We ordered some food, thanks to the help from the Oasis crew who spoke some Russian. We tried to explain that we didn’t eat meat and would like some vegetables. Of course vegetables did arrive, but they were stuffed with ground meat. I ate them anyway – wasn’t about to starve myself. We were offered some drinks which the restaurant owners recommended highly. It turned out to be peach schnapps that tasted more like sweet cough syrup. None of us could really stomach it!
Once we had finished eating, we were politely asked to leave. There were only two tables in the eatery and more people were waiting to be seated!
We slowly wandered out, found a park with a café to get a drink and hung out. Everyone had fun stories to share and the wait couldn’t have been less tedious. By 3pm, we were back at the port. The port authorities were frantically asking everyone to move their cars. We were sure that the boat would leave right away! We all jumped into our cars, formed a queue and drove behind each other to the dock. Once we got there, we lined up one after another and parked.
We soon realized that there was no rush. By 4:15pm, we were still standing in the sun waiting for something to happen. We eventually discovered that the boat only leaves when all the trucks had disembarked, and new ones had embarked. We watched massive cargo trucks one by one exit the boat and new ones drive in.
By 6pm, we were pretty tired. We sat in the shade of the firetruck, laid out a picnic blanket and attempted to entertain ourselves. Some of the other teams were off playing football or playing cards. The wait is excruciating, especially when the temperature even in the shade is over 40 degrees Celsius.
At about 7pm, we were asked to stand in line to get our passports stamped. A shipping container fashioned into an office stood close to the dock. We were asked to enter one by one, where they checked our papers, visas, Letters of Invitation and stamped us out of Azerbaijan. The system the immigration officials were entering data into frequently crashed. As a result, the whole process took twice as long.
We eventually boarded the ferry at 8pm. We drove our car into the belly of the ship, where it would be secured to avoid tossing about. We had already packed overnight bags with the necessary clean clothes and a stash of tinned food, as our cars would not be accessible for the night. We climbed upstairs and an attendant took our passports, which would be returned to us when we leave the ship. He showed us to our room and left us.
I was amazed. We had been led to believe that the ship is usually an old Soviet era one with barely minimal facilities. What we got was a brand new, sparkling ferry where our cabins came equipped with clean beds, hot shower and toilets that could be flushed. It felt like true luxury. After sitting in the sun the entire day, the idea of getting a hot shower was exciting!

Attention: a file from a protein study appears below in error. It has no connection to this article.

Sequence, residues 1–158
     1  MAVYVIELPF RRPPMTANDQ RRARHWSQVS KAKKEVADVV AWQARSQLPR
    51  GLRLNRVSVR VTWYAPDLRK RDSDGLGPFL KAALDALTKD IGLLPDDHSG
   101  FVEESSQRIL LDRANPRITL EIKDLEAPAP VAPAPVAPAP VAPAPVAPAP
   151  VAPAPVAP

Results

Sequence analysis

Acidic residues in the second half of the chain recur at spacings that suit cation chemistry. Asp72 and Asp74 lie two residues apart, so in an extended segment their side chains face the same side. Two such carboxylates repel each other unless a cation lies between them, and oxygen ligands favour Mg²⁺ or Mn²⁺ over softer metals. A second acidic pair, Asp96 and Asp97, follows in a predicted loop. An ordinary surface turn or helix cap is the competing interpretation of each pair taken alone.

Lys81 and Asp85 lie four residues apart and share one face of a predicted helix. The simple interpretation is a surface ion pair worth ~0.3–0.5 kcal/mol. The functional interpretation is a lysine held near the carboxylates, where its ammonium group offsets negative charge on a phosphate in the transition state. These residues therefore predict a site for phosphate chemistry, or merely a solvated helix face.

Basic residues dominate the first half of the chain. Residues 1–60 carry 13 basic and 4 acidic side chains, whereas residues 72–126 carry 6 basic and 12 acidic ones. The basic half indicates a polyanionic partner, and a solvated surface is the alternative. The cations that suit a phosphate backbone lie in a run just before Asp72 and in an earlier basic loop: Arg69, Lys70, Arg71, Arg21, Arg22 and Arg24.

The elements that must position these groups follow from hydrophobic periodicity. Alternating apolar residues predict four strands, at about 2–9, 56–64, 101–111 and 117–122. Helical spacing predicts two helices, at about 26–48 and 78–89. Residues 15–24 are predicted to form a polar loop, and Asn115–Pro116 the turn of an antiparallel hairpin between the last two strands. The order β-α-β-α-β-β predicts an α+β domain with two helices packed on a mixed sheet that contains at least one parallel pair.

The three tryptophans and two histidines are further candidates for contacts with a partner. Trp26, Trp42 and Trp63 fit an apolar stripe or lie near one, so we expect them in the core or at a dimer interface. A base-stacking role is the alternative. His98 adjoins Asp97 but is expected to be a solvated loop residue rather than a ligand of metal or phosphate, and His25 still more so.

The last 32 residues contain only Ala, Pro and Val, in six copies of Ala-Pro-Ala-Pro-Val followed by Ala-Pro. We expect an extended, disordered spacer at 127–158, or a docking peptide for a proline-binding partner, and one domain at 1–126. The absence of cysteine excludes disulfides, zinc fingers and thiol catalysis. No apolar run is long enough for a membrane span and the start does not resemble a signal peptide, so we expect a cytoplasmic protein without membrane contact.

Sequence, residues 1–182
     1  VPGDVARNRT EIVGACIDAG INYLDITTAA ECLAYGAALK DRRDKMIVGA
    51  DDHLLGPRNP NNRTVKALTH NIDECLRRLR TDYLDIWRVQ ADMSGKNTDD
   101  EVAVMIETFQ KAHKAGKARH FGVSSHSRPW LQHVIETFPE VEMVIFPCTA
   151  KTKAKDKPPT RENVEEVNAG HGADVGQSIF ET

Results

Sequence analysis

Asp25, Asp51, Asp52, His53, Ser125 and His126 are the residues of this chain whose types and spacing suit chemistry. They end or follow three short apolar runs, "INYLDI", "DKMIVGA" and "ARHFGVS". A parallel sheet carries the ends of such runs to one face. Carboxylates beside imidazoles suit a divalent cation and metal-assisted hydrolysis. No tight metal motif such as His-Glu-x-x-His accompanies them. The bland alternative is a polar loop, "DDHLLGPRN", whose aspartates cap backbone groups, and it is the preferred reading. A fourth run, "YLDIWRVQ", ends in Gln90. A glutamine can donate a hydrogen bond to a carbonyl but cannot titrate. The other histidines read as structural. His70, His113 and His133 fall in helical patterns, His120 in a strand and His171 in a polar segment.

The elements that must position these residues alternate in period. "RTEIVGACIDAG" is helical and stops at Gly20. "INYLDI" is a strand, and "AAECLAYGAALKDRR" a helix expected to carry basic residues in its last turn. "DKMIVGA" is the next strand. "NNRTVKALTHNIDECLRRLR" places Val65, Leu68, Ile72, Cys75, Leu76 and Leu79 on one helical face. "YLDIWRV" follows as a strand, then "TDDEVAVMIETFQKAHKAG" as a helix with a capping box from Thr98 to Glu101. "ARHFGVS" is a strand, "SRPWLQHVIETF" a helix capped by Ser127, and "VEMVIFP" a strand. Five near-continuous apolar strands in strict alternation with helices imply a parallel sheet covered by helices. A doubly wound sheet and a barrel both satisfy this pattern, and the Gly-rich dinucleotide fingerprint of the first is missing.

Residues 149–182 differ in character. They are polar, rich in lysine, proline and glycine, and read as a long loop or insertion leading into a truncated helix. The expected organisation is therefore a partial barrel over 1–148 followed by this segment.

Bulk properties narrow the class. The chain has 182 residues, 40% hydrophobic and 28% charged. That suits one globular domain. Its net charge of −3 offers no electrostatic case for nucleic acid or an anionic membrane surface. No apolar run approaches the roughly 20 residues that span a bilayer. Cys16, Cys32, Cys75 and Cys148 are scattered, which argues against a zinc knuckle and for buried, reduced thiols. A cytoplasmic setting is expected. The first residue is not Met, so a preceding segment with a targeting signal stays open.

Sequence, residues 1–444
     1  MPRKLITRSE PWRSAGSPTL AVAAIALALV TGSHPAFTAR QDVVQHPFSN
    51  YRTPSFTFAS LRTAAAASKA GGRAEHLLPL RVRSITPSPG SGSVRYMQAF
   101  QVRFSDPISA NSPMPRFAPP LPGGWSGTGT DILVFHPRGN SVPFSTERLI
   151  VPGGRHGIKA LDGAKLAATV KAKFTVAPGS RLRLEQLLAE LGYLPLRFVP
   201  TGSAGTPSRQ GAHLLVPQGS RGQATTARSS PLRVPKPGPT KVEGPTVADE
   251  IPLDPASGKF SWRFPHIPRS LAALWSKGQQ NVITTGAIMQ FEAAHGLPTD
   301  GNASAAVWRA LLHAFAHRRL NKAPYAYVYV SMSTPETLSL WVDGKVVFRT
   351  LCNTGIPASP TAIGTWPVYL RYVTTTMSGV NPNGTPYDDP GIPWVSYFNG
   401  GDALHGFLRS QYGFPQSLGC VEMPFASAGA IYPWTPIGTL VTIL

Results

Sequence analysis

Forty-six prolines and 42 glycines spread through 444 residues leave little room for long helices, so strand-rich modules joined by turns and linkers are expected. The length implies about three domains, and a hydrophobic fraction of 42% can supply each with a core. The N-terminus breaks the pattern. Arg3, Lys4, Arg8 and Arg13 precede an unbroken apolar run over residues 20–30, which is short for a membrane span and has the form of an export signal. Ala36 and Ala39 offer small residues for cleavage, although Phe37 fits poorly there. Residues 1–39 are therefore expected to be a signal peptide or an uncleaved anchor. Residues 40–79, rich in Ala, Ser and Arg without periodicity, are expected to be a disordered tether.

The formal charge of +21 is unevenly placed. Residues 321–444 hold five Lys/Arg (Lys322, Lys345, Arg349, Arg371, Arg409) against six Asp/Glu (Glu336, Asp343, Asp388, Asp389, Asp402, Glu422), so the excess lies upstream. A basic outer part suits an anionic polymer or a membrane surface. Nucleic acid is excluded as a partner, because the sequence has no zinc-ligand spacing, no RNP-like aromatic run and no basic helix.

We deposited our stuff and went to meet the others on the roof of the ship. The sun was ready to set, and the skyline looked beautiful. We enjoyed the sea breeze, but it was getting dark. We ventured into the cafeteria and ordered some tea. The griminess was getting unbearable, so we went to shower right after the tea.
The meal options in the cafeteria were limited: chicken with rice and chicken soup. We opted to eat tinned ravioli and tinned fruits as dinner. By then it was 10pm, and we still had not left the dock. We hung out with the others until 11pm, and went to bed soon afterwards. As we curled up into our respective beds, we heard the boat start to swish about and leave the dock. It was nearly midnight. We had successfully gotten on to the ferry. Now all we had to do is arrive in Turkmenbashi. I fantasized about the wonders that Central Asia held as the rocking of the boat lulled me to sleep.
• If you need to contact Ismayil, his number is: +994552861200 (as of July 2015)
• There are a lot conflicting information regarding the Turkmenistan Embassy in Baku. One could almost be tempted to believe that the embassy moves around the city every year. The address we found to be the correct one is as follows:
18 Nəsibbəy Yusifbəyli
Google Map link
(This is the front entrance. Go around the corner alley for the back entrance.)
•The Turkmen Embassy officials don’t like people that show up looking grubby. Come dressed well and preferably in long pants. Wearing shorts is considered rude, no matter if you’re male or female.
• The embassy is open only 9am-12pm, Monday to Friday. Plan your appointments accordingly, if you need a visa in advance to cross the Caspian Sea.
Other useful locations:
Baku Port entrance:
Google Maps link
Restrooms inside the port facilities (horrible, men right, women left):
Google Maps link
Google Maps link
To eat authentic food:
Enter through the arch, go down the two steps on the left, follow all the way straight then duck into the tiny room on the left.
145 Neftçilər Prospekti
Google Maps link
This post is part of a series covering my trip across Central Asia in four weeks.